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Love-Less

David O. Russell’s star-studded comedy about “existential detectives” is strictly for the McSweeney’s set. Plus: In Going Upriver, a polite Kerry.

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Mark Wahlberg, Lily Tomlin and Dustin Hoffman in I Love Huckabees  

If satire is what closes on Saturday night, then David O. Russell’s existential comedy I Love Huckabees may have trouble opening on Friday. I’m not being entirely pejorative here: Hollywood laff-fests have become so dumbed down that a movie such as this one, which actually assumes its audience has brains, is almost revolutionary—but probably box-office poison. Russell’s revolution is not entirely without partisans; there’s Wes Anderson, the Coen brothers, Spike Jonze, and screenwriter Charlie Kaufman, all of whom specialize in farcical cerebrations—whoopee cushions for the Mensa crowd. The problem, of course, is that these filmmakers often outsmart themselves, disappearing down a rabbit hole of conundrums and leaving audiences hornswoggled.

Something like this happens to I Love Huckabees, a movie I admire less for what it is than for the simple fact that it got made at all. Trusting a viewer’s intelligence is never a bad thing, but it’s nice to, well, touch the heart. Russell is hoping that the sheer volume of intellectual dither in this movie will propel audiences into the comedic stratosphere, but even astronauts know that there comes a time to touch down.

Albert Markovski (Jason Schwartzman) is an environmental activist who composes gnomic odes to America’s “dwindling open spaces”—which include marshland that the Wal-Mart-esque retail chain Huckabees is attempting to mall up. A frustrated do-gooder, he becomes obsessed with a series of coincidental encounters he has with a tall Sudanese man. This leads him to seek help decoding the riddle of existence from a self-styled “existential detective agency” run by married couple Bernard and Vivian Jaffe (Dustin Hoffman and Lily Tomlin). Albert hires them to investigate his own life, and they take their job very seriously. Even when poking through garbage or peering at Albert on the potty, they never lose sight of quantum orbits or the Buddha. The no-nonsense Vivian, with her severely tailored dresses, admires Albert for wanting to look beneath “the big nothing,” while Bernard, with his shag thatch, is like a superannuated hippie high on the “interconnectedness” of everyone. They’re a metaphysical vaudeville act.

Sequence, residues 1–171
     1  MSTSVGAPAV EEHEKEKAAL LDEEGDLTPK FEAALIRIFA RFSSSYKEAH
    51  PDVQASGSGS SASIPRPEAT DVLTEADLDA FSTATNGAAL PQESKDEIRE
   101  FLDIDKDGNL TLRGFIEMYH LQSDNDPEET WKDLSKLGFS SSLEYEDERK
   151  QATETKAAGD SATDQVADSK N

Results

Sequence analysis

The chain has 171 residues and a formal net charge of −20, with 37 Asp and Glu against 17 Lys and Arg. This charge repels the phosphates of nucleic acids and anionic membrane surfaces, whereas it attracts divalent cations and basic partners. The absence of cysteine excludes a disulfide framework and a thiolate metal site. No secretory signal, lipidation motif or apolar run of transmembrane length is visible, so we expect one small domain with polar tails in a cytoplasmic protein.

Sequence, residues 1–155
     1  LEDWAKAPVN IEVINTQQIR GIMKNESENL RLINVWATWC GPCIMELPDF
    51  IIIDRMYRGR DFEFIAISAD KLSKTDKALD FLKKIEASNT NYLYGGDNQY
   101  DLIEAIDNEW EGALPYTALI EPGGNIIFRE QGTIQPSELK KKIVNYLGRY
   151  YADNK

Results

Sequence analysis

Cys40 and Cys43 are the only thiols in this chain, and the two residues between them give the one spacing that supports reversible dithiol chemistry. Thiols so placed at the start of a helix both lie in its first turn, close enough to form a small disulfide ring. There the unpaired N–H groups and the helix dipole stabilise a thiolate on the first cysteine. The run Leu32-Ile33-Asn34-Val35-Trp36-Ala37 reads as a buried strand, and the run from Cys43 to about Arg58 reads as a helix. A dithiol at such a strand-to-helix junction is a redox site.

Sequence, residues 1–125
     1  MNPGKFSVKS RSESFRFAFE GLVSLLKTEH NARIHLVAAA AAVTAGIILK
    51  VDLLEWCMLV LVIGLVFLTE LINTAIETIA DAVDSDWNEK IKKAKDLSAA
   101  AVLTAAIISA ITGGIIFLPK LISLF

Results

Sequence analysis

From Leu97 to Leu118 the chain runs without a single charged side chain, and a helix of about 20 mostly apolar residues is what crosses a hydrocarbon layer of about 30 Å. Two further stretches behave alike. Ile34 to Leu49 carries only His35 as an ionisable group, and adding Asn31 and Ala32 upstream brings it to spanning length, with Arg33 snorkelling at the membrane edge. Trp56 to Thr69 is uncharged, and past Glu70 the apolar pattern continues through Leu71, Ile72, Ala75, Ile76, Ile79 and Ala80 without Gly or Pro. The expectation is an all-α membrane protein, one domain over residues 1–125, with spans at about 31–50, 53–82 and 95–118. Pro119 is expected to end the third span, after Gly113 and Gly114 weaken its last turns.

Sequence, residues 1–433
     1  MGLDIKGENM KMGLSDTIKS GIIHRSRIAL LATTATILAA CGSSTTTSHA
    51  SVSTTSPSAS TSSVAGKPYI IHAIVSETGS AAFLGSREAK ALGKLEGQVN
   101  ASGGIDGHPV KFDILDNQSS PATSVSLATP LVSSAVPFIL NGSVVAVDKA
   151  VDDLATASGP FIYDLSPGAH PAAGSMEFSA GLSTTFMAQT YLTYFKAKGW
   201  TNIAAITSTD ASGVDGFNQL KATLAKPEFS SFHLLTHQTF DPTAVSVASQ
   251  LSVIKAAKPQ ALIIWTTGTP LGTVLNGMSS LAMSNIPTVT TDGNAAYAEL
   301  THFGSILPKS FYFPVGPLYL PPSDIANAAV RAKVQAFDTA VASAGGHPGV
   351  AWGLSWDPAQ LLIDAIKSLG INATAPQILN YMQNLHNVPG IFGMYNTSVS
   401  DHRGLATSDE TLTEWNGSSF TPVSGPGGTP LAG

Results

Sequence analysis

“The philosophic notions in I Love Huckabees are not much more than window dressing for some fancy slapstick.”

Like Preston Sturges, Russell loves to crowd the screen with babbling eccentrics, who come to include firefighter Tommy Corn (Mark Wahlberg), a client of the Jaffes who, in the wake of 9/11, is hung up on America’s petroleum dependency; Caterine Vauban (Isabelle Huppert), a French nihilist who stands for everything the Jaffes abhor (she is fond of pensées like “The one thing we share is nothingness”); Brad Stand (Jude Law), a Huckabees smoothie who co-opts Albert’s Open Spaces Coalition; and Brad’s girlfriend Dawn (Naomi Watts), the Huckabees spokesmodel who shows off her newfound enlightenment by ditching her bikini and donning an Amish bonnet.